Atherton residents have a close, cooperative relationship with our dedicated police force. Some residents have advocated that the City Council consider outsourcing our police services to the county sheriff’s office, like Woodside or Portola Valley; however, Atherton residents want the close relationship that we have with our police men and women, which includes special services, like direct connection of home alarms to the police, regular house visits by police when residents are on vacation, and very direct familiarity. This is community policing that Rick supports 100%. Rick is also extremely proud of the strong, no profiling policy that the police have and carefully enforce. Continue reading by clicking “Atherton’s Police Force” here.
Atherton recently opened its new Town Center, which replaced a totally dilapidated administration and police building and seven worn out trailers that had required replacement for thirty years. For the first time in 10 years, Atherton has hired to the full headcount allowed for the police because the police have a new facility that anyone would want to work in. Atherton has four Master Plans that include a Bike and Pedestrian Path Master Plan, a Drainage Systems Master Plan, the Holbrook-Palmer Park Master Plan and the Civic Center Master Plan. Now is the time to start investing in our park, our bike and pedestrian paths and our drainage needs. Continue reading by clicking “Infrastructure and Holbrook-Palmer Park” here.
It is no secret that regional growth is adversely impacting our semi-rural, residential community. We have become a “pass-through” commute route and most of our north-south routes are jammed at rush hour. To add to the increasing congestion issues, bicyclist and pedestrian safety problems along El Camino Real are well known. There are also problems with “pass through” traffic on Atherton Ave., Alameda de las Pulgas, Middlefield and Marsh Road. While Atherton Council members are working with county boards to address overall traffic problems in the region, much of this problem needs to be tackled on a local level. Continue reading by clicking “Transportation and Traffic Safety” here.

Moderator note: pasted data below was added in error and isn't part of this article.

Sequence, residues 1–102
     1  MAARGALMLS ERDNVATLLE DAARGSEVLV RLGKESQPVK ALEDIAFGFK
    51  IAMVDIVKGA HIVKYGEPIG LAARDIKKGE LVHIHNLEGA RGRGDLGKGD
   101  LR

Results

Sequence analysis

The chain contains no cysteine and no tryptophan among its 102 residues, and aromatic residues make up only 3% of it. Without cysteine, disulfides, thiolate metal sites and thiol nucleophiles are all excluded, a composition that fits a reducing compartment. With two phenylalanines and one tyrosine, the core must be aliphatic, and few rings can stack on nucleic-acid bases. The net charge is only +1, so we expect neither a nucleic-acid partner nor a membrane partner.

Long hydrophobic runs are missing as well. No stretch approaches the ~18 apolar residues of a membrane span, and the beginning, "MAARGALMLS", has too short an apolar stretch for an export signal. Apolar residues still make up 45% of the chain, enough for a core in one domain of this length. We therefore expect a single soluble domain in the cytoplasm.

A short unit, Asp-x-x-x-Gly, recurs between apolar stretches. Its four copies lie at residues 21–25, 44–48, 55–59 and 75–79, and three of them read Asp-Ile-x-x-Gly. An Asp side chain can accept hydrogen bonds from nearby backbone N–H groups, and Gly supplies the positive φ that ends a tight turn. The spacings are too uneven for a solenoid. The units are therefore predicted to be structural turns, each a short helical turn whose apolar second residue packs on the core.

Residents elect Council members to represent them and their interests in the important decisions that the Town needs to make. For minor or everyday issues, that representation can simply mean that the Council should use its best judgment. For the important matters, however, I believe that the Council has an affirmative responsibility to solicit and gauge resident preferences, and not decide such matters based solely on their personal preferences.
This responsibility means that the Council needs to work with staff to schedule agendas with sufficient planning time to determine which issues need more community input and then to actively schedule community meetings, request staff analysis and solicit public input, so that the sentiments of both Council and members of the community can be understood when decisions need to be made. Continue reading by clicking “Town Governance” here.